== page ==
For those without power or affected by flooding, snow or wind damage—or for those worried about people in possibly affected areas, read on for some quick tips about contacting friends or family, dealing with power outages, and food safety.
Getting in touch
- Telephone contact: Landlines might be down or overloaded locally, but sometimes long-distance calls can get through better. Update your status with a long-distance friend or family, and let that person spread the word.
- Cell phones: Wireless carriers are recommending that people send text messages, which have a better chance of getting through busy bandwidths, and use less battery power of the person you’re trying to reach.
- If you cannot reach someone in the affected are who may be housebound or evacuated, both the American Red Cross and FEMA provide Internet locators where people in storm areas can register their names to let their loved ones know where they are, and if they are safe:
- American Red Cross (800-RED-CROSS) “Safe and Well”
- For some disasters, FEMA (1-800-621-FEMA) National emergency Family Registry and Locator System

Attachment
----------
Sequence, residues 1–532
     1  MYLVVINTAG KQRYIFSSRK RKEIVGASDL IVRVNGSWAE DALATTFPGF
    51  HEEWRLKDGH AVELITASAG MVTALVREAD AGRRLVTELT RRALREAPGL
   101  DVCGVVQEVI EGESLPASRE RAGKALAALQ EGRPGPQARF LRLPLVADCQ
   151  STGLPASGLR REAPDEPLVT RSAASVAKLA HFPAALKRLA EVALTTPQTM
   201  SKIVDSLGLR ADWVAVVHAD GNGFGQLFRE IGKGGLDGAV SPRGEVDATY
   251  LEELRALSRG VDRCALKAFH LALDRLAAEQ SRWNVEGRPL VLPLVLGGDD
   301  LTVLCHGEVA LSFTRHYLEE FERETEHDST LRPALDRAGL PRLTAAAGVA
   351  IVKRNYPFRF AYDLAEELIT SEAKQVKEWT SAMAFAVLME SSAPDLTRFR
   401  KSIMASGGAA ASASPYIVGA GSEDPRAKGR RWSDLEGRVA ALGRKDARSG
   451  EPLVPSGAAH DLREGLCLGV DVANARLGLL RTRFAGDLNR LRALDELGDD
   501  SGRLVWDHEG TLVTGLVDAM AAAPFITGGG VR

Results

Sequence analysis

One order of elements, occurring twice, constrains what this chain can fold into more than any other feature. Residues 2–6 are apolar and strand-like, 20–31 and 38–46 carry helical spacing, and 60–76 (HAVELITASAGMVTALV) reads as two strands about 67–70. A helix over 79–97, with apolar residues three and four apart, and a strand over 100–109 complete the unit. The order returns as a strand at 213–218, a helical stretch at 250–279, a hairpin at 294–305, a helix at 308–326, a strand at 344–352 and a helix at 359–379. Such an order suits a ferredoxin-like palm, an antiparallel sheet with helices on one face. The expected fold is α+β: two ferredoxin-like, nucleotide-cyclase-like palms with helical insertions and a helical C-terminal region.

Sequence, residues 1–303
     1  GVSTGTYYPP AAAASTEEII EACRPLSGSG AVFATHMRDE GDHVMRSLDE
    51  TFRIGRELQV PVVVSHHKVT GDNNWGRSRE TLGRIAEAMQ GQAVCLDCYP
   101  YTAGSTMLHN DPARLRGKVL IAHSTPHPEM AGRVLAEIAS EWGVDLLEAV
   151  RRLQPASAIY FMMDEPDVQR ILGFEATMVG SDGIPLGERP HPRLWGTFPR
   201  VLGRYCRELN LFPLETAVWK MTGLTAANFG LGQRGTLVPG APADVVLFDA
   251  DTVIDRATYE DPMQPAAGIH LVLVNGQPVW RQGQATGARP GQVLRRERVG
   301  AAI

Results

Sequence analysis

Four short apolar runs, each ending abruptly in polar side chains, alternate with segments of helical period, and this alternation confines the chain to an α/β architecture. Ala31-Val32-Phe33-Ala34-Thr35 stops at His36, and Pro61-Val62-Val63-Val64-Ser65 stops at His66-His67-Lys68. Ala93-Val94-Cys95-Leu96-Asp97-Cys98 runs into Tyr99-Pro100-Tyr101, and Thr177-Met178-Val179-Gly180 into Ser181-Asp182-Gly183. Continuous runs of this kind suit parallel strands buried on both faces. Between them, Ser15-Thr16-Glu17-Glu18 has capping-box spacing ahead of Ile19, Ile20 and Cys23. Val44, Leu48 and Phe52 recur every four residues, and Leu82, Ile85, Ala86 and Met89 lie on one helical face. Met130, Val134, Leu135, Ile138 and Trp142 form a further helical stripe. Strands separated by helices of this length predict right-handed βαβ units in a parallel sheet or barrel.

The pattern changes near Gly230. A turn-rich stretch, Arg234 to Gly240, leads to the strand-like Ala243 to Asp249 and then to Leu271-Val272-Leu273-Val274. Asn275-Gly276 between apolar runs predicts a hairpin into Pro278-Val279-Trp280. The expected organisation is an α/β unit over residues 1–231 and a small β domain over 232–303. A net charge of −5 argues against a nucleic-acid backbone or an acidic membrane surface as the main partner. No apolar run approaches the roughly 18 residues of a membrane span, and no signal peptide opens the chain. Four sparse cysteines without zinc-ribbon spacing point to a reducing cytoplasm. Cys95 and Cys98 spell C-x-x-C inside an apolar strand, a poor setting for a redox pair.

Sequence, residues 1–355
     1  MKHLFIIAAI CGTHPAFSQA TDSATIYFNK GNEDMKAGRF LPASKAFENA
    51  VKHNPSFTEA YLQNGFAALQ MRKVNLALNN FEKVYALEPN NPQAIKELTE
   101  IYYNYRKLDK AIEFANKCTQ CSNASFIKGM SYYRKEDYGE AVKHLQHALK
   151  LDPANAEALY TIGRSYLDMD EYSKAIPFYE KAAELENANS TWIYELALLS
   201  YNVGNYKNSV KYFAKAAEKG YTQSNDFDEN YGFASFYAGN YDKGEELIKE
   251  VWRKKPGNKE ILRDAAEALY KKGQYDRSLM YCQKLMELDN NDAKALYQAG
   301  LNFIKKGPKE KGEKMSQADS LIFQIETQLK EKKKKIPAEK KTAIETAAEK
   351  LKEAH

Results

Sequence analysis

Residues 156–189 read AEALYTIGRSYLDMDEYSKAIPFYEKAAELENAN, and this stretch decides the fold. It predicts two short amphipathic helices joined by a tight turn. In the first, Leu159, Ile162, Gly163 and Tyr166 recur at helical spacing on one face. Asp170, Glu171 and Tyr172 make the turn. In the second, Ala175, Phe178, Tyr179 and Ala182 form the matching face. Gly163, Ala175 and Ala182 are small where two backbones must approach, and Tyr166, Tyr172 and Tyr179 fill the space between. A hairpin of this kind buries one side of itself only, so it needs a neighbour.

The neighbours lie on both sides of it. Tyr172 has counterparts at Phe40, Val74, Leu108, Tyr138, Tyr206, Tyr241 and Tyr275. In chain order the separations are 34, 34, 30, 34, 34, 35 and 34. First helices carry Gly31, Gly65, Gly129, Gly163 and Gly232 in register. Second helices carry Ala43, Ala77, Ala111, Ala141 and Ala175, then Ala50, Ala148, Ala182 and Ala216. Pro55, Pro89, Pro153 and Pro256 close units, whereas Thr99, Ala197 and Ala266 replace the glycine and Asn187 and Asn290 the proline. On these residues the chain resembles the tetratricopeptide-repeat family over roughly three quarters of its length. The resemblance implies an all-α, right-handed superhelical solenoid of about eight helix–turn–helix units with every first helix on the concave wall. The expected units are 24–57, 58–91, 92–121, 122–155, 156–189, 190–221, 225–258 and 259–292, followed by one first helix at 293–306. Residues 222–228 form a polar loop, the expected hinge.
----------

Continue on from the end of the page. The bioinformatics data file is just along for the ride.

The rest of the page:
- If you have no heat, dress in layers and especially wear a hat to retain body heat;
- NEVER use generators in poorly ventilated spaces (inside a home, garage, shed,crawl space even with open doors/windows). Deadly carbon monoxide can build up quickly, and linger for hours. Generators must be operated outdoors in a dry place. Also do not use propane heaters indoors.
Refrigerated or frozen foods
- Refrigerated foods will only stay cold about 4 – 6 hours. Some foods can be used at room temperature for a few days (butter, hard cheese, fresh unsliced fruit, vegetables except sprouts).
- A full freezer can maintain temperature (if not opened) for about 48 hours. Frozen foods still containing ice crystals can be cooked or re-frozen. Thawed vegetables should not be eaten. Discard any meat and poultry warmer than 40 degrees for 2 hours, and melted ice cream.
Web Sources for more information:
WEBMD News “Riding out the storm safely” ; National Cancer Institute “Help for Individuals Affected by Catastrophic Events;” USDA “A consumer’sguide to Food safety;“ FEMA tips before, during, after a hurricance ,